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Open Carry in the Kids’ Library?

Guns are great, but exposed firearms will never be normal.

by
Clayton E. Cramer

Bio

February 24, 2011 - 12:00 am
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Two, a person may not ordinarily feel a need to carry a gun for self-defense — but something happens, and there is no time to obtain a permit. You would then have to choose between breaking the law against concealed carry, or carrying a handgun openly for self-defense.

Three, picture this. You might be visiting a state that does not issue permits, or that makes it so difficult that you are unlikely to apply for a permit. Under those circumstances, it might be appropriate, under some conditions, to carry a handgun openly for self-defense. I would hope that open carry in cities would be infrequent because it is so disquieting. Please: spend the relatively modest amount of money and time required to obtain a concealed handgun license now, if at all possible.

What ticks me off about some manifestations of the open carry movement, however, is the second goal: the delusion of “normalizing” open carry. This is about as likely to work as “normalizing” homosexuality by having two guys strip naked and have sex in the middle of Main Street. Guns are powerful symbols — and even those of us who are strongly pro-gun, and support widespread gun ownership and carrying, respond negatively to unnecessary displays. You can imagine the reaction from those who are ambivalent or even slightly hostile to gun ownership.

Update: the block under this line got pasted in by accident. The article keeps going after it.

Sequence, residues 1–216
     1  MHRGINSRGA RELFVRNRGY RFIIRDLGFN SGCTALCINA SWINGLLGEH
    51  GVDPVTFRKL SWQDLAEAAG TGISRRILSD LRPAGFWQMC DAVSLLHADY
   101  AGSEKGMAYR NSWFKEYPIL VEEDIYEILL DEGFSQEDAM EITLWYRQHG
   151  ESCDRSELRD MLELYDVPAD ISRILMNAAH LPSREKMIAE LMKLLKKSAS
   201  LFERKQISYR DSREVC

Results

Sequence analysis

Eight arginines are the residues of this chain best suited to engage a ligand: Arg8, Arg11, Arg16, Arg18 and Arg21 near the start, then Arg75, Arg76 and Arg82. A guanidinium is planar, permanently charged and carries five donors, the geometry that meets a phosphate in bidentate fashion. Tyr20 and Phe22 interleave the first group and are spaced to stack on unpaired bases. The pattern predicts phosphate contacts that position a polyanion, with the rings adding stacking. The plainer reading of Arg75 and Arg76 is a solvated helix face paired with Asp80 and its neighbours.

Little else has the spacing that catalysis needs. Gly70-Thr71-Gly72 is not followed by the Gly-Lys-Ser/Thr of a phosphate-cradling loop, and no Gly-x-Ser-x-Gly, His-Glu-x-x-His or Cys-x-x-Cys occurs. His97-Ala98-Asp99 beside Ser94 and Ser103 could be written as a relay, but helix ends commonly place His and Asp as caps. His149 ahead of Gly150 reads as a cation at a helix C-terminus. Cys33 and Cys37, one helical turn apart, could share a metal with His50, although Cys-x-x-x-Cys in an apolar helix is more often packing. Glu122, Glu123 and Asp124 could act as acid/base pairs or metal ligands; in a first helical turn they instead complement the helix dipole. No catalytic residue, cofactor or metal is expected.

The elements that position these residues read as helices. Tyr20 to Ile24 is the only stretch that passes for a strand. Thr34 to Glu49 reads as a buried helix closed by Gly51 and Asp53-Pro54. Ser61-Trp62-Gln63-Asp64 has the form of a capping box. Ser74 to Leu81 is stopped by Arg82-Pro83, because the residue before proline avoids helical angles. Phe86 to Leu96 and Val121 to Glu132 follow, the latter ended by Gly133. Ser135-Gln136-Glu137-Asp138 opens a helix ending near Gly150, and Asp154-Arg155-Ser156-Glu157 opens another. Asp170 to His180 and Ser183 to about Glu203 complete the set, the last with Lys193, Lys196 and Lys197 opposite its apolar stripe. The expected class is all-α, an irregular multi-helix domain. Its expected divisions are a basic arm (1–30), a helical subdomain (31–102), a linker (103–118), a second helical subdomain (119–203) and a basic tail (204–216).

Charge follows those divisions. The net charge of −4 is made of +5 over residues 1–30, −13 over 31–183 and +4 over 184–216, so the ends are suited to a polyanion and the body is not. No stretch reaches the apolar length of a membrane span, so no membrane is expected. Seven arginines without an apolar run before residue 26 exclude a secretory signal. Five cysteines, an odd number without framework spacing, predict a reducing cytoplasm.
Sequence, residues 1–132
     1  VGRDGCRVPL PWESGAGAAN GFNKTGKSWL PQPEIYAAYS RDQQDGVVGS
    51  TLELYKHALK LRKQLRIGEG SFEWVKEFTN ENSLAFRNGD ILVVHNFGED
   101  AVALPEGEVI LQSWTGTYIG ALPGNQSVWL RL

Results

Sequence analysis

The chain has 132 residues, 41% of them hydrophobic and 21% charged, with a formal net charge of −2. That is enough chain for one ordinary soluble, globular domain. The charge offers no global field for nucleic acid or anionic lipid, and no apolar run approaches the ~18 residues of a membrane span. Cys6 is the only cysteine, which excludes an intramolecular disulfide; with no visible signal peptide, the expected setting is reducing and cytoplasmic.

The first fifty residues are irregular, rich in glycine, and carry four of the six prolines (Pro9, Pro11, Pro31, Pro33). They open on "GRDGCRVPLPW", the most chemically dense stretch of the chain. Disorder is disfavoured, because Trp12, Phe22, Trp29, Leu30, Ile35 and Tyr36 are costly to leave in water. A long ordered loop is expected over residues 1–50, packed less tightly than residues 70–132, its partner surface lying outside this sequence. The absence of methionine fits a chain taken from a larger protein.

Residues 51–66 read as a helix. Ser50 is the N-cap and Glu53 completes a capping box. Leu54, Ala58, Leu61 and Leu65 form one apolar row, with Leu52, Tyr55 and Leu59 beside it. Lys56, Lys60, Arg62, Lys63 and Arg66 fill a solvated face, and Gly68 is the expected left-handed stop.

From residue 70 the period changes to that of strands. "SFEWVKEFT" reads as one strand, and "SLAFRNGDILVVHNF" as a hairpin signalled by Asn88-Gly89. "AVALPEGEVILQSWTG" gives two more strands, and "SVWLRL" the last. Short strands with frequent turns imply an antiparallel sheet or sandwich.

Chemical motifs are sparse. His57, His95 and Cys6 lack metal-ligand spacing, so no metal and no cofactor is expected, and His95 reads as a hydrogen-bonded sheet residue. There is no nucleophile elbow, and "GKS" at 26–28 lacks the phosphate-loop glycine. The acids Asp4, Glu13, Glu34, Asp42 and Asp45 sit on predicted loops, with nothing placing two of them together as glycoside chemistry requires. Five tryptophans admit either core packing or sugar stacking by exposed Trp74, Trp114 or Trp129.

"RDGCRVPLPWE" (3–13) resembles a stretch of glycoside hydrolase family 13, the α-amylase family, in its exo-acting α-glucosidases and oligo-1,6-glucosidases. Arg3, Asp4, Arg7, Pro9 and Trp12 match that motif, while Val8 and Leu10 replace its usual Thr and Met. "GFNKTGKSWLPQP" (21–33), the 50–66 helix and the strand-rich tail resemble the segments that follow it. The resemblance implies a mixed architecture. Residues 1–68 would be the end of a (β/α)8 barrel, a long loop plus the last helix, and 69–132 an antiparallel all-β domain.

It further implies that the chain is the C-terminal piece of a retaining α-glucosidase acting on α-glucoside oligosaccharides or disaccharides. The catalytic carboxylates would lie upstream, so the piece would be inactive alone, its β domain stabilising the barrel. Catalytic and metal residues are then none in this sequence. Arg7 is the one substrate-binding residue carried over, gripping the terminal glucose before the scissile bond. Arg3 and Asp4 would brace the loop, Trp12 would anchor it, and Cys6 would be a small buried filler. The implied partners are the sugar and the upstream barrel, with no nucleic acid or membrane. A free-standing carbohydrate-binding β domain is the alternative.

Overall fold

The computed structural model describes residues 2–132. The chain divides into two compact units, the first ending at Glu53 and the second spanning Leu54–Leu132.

A handgun is primarily a defensive weapon: something that is easy to carry and easy to put into action in the event of a sudden and unexpected attack. By contrast, a shotgun or a rifle is primarily an offensive weapon: clumsy to carry, slow to bring into use. There are circumstances where you might have occasion to carry a long gun while going around town — but almost all of these scenarios involve flesh-eating zombies. No surprise, then, that the reaction of most people to a stranger with a long gun in a public place is concern, if not outright fear: “Is this guy a lunatic who is going to start mowing people down?”

If you need to carry a gun into a public place, and there is some good reason why you do not have a permit to carry concealed, then going for discreet is a really good idea. Consider something small and black that is not going to scare the wits out of people when you walk in the door — like this Walther PPK, or this Colt Mustang. If you are carrying a gun to make a political point — and especially if you are carrying a long gun into the children’s section of the public library — well, you’ve succeeded. You’ve convinced everyone in the library that your pet issue is more important to you than the peace of mind of every kid and adult present.

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Clayton E. Cramer teaches history at the College of Western Idaho. His most recent book is My Brother Ron: A Personal and Social History of the Deinstitutionalization of the Mentally Ill (2012). He is raising capital for a feature film about the Oberlin Rescue of 1858.
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